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Unformatted text preview: Probability & Statistics Refresher Everything I need to know about Probability and Statistics in one easy lecture 1. Introduction to random variables • A discrete random variable can assume only a countable number of values. Example: Coin flip (heads/tails), Let’s make a deal (Door 1, 2 or 3), Die (1, 2, 3, 4, 5 or 6). • A real (or continuous) random variable can assume a range of values, x Example: most sensor readings. [Note: We’ll be dealing a lot with both types of random variables.] a b . B. Why should we care about random variables? • Every sensor reading is a random variable (e.g. thermal noise, etc.). • Many things in this world can be appropriately viewed as random events (e.g. your instructors’s choice of marker colors, start time of lecture). • There is some degree of uncertainty in almost everything we do. C. Some synonyms for “random” • stochastic • nondeterministic 2. Discrete random variables A. Notation • Let A B C • Let a b c A B C and A 1 A 2 A 3 denote discrete random variables. denote possible values for corresponding discrete random variables and A 1 A 2 A 3 , respectively. Hence, P A = a denotes the probability that the random variable A assumes the values a . • In the special case when the random variable A can assume only two values, (T)rue or (F)alse, denote P A as the probability that the random variable A is true, and denote the random variable A is false. B = P A B = P A B = P A and B . B = P A or B . A or A as the probability that • Let P A • Let P A B = P A • Let P A = a B = b denote the conditional probability that A = a given that B = b . Often we use the shorthand P A B when A and B are true/false random variables. B. Axioms of probability 0 P A 1 -1-     ¨ F B A@ and a 1 a 2 a 3 ¡     W 5 V e d U S T © 89 6 5 #"7 7 7 59 9 1 4& 3& 2 5 & 5 ' 0)( & 5 2 2 ( ( $% % % !#!"! g c a b R P Q i h ` X Y I G H t rsq t p ¤ ¥ f DEC  ¢ ¥  £ £ ¦ § ¦ A. What is a random variable? A random variable can be viewed as the name of an experiment with a probabilistic outcome. It’s value is the outcome of that experiment. Tom Mitchell, 1997 (1) Probability & Statistics Refresher P True = 1 = 0 P False P A B = PA +P B –P A B C. Conditional probability PA B P A B = ---------------------- , P B P B 0 From (5), P A B = P A B P B = P B A P A (Chain rule) Equation (6) leads to Bayes Theorem: P B A P A P A B = ------------------------------P B Assume that precisely one of A 1 A 2 n A n mutually exclusive events can occur. Then, P A1 A2 An = P Ai = 1 i=1 and the general form of Bayes Theorem is given by, where, n D. Other laws of probability • P A = 1–P Easy to prove. From (4), P A A = P A +P A –P A A P A A = 0 (something can’t be true and false at the same time). P A A = 1 (binary random variable has to be either true or false). A 1 = P A +P P A = 1–P A • P A = P A • P A B B +P A B C = P A B C P B C P C E. Independence A and B are independent if and only if P A = a = P A = a B = b , easily derive the following properties of independent events: P B = P B A a b . From this definition, we can -2-     ÛÜ & Ú Ù Œ Ø@ × ¯ ¬ ­ ® « © ª ¨E§ ÔÕÓ Ò Ñ Ð Î Ï Ê È É Ç Ä Á ¿À ¼ º» Ö ¢ ¡ à ß p Í Ë Ë Ì Å Æ ÃE ¾E½ ¹E¸ · ´µ ³ °± ¦ £¤ ˜ P B = PB A j P A j (10) j=1 A (11) (12) (13) (14) (15) (16)  P B Ai P Ai P A i B = ---------------------------------P B       ‰ Šˆ @  ‹ ‡  5 … „ … 5 …  5 ƒ‚ 5 ‚ 5 ‚ €  ~ }s| “‰@ z y { wsv u t rsq p o n l h“g j i p k “‰@  f d e @ ™ ‘ – ” • @ ’“‰@ — Eˆ‰@ ‡ … † @ p „ ƒ@ œ˜ ƒ› @ š ˜ ™ @   • ” “‰@ ’ “‘   ŽŒ @ Þ“Ý — – “‰@ ˜@ m x †@ ‚ ¶ ² ¥ y ŸEž @ 5 u v w € § x £ (2) (3) (4) (5) (6) (7) (8) (9) Probability & Statistics Refresher P A B = PA P B Example: coin toss F. Conditional independence A and B are conditionally independent given C if and only if P A=a B=b C=c = P A=a C=c , a b c Example: Traveling salesman B A b C a c Figure 1 3. Probability distributions A. Discrete random variables For a given discrete random variable X , the probability distribution for X assigns a probability for each possible value or outcome of X , P X=x = p x , x For n random variables, X 1 X 2 ble combinations of values, P X 1 = x1 X 2 = x2 X n , the joint probability distribution assigns a probability for all possixn , x1 x2 xn (20) X n = xn = p x1 x2 Example: If each random variable can assume one of k different values, then the joint probability distribution for n different random variables is fully specified by k n values (mention Bayes nets). Given two discrete random variables X Y , the univariate probability distribution p x is related to the joint probability distribution px y by, px = px y y B. Real random variables A real-valued random variable X is characterized by a continuous probability distribution function, F x = P X F x1 F – x ,– x F x 2 if x 1 x2 = 0, F = 1 P X=x = 0 Often, however, the distribution is expressed as a probability density function (pdf) p x , -3-      b a ¡#¨ ë ¨ $ " %#¨ !û                 ¦   ¨     ¨  û ¦¥ ¥ ¤ & 5 ú )Û ú & ù  ø ô ¨ û Û Œ ÷ @ öô p ` Y W U XV  p T R S  Q  IG P FD H E B C  C A  @ 8 9 7¡6 ( & '¨ § ¨  û¥ á £ ò ñ ð ï s‰@ E‰@ î ì í @  ¢  ¡ÿ¨ ý þ û 4 3 1 2¨ 5 (17) ó ¨  Œ £ ç ã 0 ) ¡#¨ õ@ ü@ ©@ £ å 5 £ å  æ £  è é ê â ä (18) (19) (21) (22) (23) (24) (25) Probability & Statistics Refresher dF x p x = -------------- , dx p x 0, x – p x dx = 1 From (26), F x = x – p t dt X n , the joint probability density function is given by, For n real-valued random variables, X 1 X 2 p x1 x2 xn 0, x1 x2 xn – – – p x1 x2 1 xn d x1 d x2 d xn = 1 likelihood of x and x 1 x 2 Note: p x and px tively. x2 x n are often referred to as the x n , respec- Given two continuous random v ariables X Y , the univariate probability distribution p x is related to the joint probability distribution px y by, – C. Normal (Gaussian) distribution A very important continuous probability distribution is the Normal, or Gaussian, distribution. It is defined by the following probability density function (pdf), 1 – x– 2 p x = -------------- exp ---------------------- = N x 2 2 2 2 for specific values of the scalar parameters 1 1 p x = --------------------------------- exp – -- x – 2 2 d 2 1/2 ˜ and . In multiple dimensions, = N x T –1 x– ˜ ˜ where and x are d -dimensional vectors, and is a d d positive-definite matrix. [Note: A square matrix M is positive definite if and only if, v T Mv 0 v 0 Equation (35) also implies that all the eigenvalues i 0 and that M is invertible.] Example: Below, the Normal distribution is plotted in one and two dimensions. 4. Expected value, variance, standard deviation A. Expected value for a discrete random variable The expected value for a discrete random variable is given by, E X = xp x x The mean x n = for a random variable X is given by, -4-      g  ½ w ¿ ¢ ¾ ¢ ¸ ¬ § · œ ¯ € ® ­« ª © •“ ¨ ¦š ¤ ¨ ¼ ¹º¹ š » f ¶ ´°š µ ³ ² °š ± ¥ £ ¢ ™ ” ’ ¡#¨ Ÿ› ‘   žŸ ¡ žœš f ˜ –  — € •“ Æ f pÅ Ä pÃÀ pÁ Î  p “ Ê È Ì %Ë  Í ºÉÇ Ž px = px y dy         ¦   ~ ƒ ‚ ¡#¨  d Œ ¢ ‹ ‰ Š ¨   ¡#¨ ˆ ‡ † „ …¨ € û { z{  y w }   ¦{ | ¨ q¡xs¨  ¢ ¦o ¢ o ¢ m   ¦ k l ¨ p q r i s t u v o n k jk   ¦ h  f  p e d   ¦ ˜ ™ ¨ h gh ˜ —˜  û ¦– û – – • £ ‰ ˆ ‘ ¢ #¨ ’ “ ”  ¢ ¡#¨  ‚ ƒ € y  x  p w ¡#¨ v u  ¢ ¡#¨ t ¡s ¢ r q h ‡ … ¡†„ À (26) (27) (28) (29) i ã å c (30) (31)  è æ y £ e (32) § (33) (34) (35) (36) Probability & Statistics Refresher 0.4 0.3 0.2 0.15 0.1 0.1 0.05 2 3 2 1 0 1 2 3 0 2 2 2 1 x n = -n xi i=1 where x i denotes the ith measurement of X . The mean and expected value for a random variable are related by, E X = lim x n n Example: Let A denote a random variable which denotes the outcome of a die roll. Find E A . Assume a fair die. then P A = i = p i = 1 6 , E A = 1 1 6 + 2 1 6 + 3 1 6 + 41 1 E A = -6 i. 6 + 51 6 + 61 6 (39) i = 3.5 i=1 [Note: The term “expected value” can be misleading, since the expected value of a random variable may not even be a possible value for the random variable itself.] Example: You shake two 6-sided dice. What is the expected value of the lower of the two numbers ( A )? P A = 6 = P D 1 = 6 P D 2 = 6 = 1 36 P A = 5 = P D1 = 5 P D2 = 5 + P D1 = 5 P D2 = 6 + P D1 = 6 P D2 = 5 P A = 5 = 3 36 Similarly, P A=i = 7–i + 6–i 36 = 13 – 2i 36 Therefore, i=1 B. Expected value for a continuous random variable The expected value for a continuous random variable is given by, E X = – xp x dx -5-  ÷  ¢ US  V W X QRP T ÷ E A = i 13 – 2i 91 ----------------------- = ----- = 2.52778 36 36  6  Define two random variables D 1 and D 2 , which define the outcome of the die roll of dice 1 and 2.     &ü % @$ ÿ #@ "ÿ !@ ü ÷ BAÏ  @ —ü @ ÿ ÷ 9 86Ï ÿ 5 — 4Ï 2 37 I GÏ  @ ü  @© ÿ ÷ Ï ¥ ÿ £¤¢ 6 (40) (41) (42) (43) (44) (45) (46) è  n   é ç Ò Figure 2 Ý = 0 = 1 0 p Þßp à = 0 0 ˜ p ¡ÿ ý þ ü ú û Ïð ï ÑÓ ø ù ÷ õ ö íì î#¨ ë ê á   å æ  äºã  wæ Ï  â £   )÷ (ü @ ü ¨@ §ÿ FÏ H ó ô ÛÜ œp ÖÙ 1 òéñ E C ¤DÇ Ú ÕØ ¦@ @ '@ 0@ i ã Ô× 0 0 = 10 01 (37) (38) € Ð ¦ Probability & Statistics Refresher Example: E X for the Normal distribution is C. Variance and standard deviation The variance V X of a random variable X is defined by, V X = E X– 2 where = E X . The standard deviation V X of a random variable X is defined by, = Because of (48), we often denote V X = Example: The variance of the Normal distribution is D. Covariance of two random variables The covariance of two random variables X Y is defined by, Cov X Y = E X – x x Y– y where = E X and Cov X Y = 0 i j i = E Xi – i Xj – j where tion. is the ith element of the vector, and X i is the ith random variable in the joint Normal distribu- Consider, for example, the two plots below. 3 3 2 2 1 1 1 2 3 2 1 0 1 2 3 3 2 E. Properties of the expected value operator • The expected value of a function g X is given by, “ E g X = g x px (discrete random variable) x -6- – ÷ Figure 3 “ = 10 01 4 = -- 1 1 2 3 1 2 1 • ”  Œ š ˜ ›™— ¥ £ ¢ ¡ U¤¨ U™— ¦ žœ Ÿ p ‡ ’ † 3 ‹Ž   p ‘ 0 = 0 0 ˜ 0 1 2 3 1 0 1 2 3  Example: The matrix in the multivariate Normal distribution is the covariance matrix. The i j element i j of the covariance matrix is given by,  y = E Y . If X and Y are independent, then,  o mlÏ n ô Ï „ 2. 2.   û p b ƒ ‚R … w û  „ ƒ w Ï v } ‚ € ˜ ~˜ û  | z {  Ç xyw q u € str p k p j h i fge 4 d ™R˜ “ — w –” 4 ’ “‘ “ ‰ • Ç ˆ † ‡ €Ry x v t guÇ s w r p h i q fge dRc Y ã a ` RDÇ ô …ˆ Š ‰ £ ¤ § . (47) (48) (49) (50) (51) (52) Probability & Statistics Refresher E g X • Linearity: Let a b be constants and let X Y be random variables. Then, E af X + bg Y = aE f X + bE g Y F. Central limit theorem Consider a set of independent, identically distributed random variables X 1 X 2 X n governed by an arbitrary probability distribution with mean and finite variance 2 . Also, define the sample mean, Xn Then, as n mean and standard deviation -----n This theorem often justifies the use of the Normal distribution in real life for large n . -7-  , the distribution governing X n approaches a Normal distribution with,  £  £ Î Ë Ì£ £ ʁ 1 -n Xi i=1  n  &  û ÆÅ û Å û Å Ä È Ã ¹À Â Û ¿ ½ž¼ ¾ & » ¹· Û ¶›µ º Á ¸ ´ ² ³& °  ¢ U¤¨ U™— ¯ ± ª ¨ž§ © ® ­ ¬ « = – g x px dx (continuous random variable) (53) (54) Ç É Í ¥  ¤ ‘ â (55) (56) (57) ...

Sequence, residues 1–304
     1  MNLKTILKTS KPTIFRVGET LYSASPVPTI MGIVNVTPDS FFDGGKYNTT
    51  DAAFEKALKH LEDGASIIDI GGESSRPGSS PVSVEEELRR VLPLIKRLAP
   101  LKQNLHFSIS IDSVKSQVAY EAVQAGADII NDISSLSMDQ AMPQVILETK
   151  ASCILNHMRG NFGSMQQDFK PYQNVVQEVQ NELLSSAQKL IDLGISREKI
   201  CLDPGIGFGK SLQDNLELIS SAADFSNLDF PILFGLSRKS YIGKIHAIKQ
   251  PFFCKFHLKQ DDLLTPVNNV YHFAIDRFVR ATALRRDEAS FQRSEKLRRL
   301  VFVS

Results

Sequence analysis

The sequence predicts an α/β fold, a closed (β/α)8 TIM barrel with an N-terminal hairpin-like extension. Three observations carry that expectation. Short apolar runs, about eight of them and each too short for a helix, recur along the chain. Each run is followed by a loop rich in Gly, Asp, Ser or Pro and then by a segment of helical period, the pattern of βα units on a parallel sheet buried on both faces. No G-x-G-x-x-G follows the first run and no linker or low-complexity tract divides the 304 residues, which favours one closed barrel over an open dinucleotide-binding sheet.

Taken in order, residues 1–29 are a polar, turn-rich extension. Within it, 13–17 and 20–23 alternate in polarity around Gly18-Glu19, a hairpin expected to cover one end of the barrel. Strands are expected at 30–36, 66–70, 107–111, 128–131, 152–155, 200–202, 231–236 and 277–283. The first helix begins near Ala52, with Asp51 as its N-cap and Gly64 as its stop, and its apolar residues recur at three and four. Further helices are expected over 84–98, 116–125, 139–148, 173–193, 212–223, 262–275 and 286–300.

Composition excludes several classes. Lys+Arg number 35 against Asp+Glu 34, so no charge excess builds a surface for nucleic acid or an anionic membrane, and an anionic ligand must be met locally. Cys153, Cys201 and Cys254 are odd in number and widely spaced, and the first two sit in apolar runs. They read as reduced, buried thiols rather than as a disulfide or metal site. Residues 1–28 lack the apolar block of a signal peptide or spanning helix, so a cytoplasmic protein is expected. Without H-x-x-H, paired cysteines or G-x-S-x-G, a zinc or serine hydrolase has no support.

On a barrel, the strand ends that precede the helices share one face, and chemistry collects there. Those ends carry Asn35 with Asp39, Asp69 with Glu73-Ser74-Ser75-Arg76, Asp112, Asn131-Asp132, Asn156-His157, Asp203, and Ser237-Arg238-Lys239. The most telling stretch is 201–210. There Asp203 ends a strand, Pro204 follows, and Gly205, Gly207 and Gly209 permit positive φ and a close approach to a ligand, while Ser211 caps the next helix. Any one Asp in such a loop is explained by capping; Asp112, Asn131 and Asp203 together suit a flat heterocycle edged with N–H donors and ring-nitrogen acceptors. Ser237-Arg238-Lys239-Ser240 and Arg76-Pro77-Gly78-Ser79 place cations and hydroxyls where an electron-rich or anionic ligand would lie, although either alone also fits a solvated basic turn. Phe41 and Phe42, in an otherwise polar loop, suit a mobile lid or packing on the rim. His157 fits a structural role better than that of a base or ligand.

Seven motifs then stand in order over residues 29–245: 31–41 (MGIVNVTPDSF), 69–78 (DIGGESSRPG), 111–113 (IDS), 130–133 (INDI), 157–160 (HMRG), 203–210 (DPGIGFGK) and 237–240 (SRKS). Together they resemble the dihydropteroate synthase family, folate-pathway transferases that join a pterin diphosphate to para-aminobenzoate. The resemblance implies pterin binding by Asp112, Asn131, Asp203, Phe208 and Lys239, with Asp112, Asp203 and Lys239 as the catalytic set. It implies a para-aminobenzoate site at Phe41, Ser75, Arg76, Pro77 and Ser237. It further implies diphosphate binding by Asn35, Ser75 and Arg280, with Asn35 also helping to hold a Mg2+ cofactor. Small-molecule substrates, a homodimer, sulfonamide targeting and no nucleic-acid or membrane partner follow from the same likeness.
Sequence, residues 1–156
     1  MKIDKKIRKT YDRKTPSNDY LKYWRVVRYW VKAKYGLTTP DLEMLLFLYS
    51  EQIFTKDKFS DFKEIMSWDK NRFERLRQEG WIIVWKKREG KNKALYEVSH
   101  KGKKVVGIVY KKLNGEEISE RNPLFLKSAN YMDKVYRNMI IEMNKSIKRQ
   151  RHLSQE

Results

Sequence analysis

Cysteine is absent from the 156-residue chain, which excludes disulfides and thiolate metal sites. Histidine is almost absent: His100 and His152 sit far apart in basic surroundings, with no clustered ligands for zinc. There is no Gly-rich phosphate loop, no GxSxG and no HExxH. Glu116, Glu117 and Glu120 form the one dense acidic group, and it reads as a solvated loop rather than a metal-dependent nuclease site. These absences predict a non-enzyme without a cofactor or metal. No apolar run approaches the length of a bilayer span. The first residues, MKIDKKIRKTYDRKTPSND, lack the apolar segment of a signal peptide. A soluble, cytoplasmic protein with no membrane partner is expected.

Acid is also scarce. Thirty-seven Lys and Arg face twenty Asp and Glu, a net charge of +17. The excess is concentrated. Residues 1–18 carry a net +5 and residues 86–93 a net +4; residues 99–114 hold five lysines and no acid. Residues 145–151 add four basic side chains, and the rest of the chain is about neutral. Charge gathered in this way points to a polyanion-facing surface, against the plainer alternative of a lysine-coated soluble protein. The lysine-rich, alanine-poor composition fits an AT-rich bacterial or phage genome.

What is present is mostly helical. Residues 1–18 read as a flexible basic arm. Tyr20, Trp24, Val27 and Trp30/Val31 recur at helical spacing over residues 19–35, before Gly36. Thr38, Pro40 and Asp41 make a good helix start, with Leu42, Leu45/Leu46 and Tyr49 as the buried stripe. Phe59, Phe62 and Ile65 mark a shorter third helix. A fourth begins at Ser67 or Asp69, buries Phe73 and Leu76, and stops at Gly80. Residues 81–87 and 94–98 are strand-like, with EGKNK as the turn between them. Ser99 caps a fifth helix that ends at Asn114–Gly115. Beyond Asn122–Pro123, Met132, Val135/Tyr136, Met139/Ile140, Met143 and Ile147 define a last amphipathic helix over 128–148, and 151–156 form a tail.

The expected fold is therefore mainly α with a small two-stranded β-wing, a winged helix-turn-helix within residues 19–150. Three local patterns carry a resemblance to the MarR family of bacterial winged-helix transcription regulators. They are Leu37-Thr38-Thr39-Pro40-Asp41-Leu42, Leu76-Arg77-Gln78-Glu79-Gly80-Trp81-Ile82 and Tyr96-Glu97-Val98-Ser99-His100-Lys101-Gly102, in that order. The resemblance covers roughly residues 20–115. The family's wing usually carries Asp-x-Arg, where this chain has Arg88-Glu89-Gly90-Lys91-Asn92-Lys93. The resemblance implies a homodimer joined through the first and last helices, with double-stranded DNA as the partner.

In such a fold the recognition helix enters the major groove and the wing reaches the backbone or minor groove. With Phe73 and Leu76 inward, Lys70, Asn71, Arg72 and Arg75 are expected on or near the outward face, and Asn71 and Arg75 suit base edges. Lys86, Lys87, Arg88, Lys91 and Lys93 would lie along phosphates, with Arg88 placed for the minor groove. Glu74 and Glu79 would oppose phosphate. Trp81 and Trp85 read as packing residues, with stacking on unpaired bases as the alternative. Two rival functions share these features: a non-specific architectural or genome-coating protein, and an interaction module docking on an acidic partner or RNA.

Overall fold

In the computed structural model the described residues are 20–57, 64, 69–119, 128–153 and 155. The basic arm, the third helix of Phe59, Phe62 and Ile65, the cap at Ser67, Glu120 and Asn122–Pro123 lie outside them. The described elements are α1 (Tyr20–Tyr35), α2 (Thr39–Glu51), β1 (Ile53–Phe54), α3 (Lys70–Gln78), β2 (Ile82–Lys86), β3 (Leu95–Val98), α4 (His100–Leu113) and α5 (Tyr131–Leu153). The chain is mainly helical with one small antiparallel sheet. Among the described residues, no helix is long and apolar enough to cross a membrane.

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This note was uploaded on 12/08/2010 for the course COMPUTER E 1 taught by Professor Khalil during the Spring '10 term at Bronx High School of Science.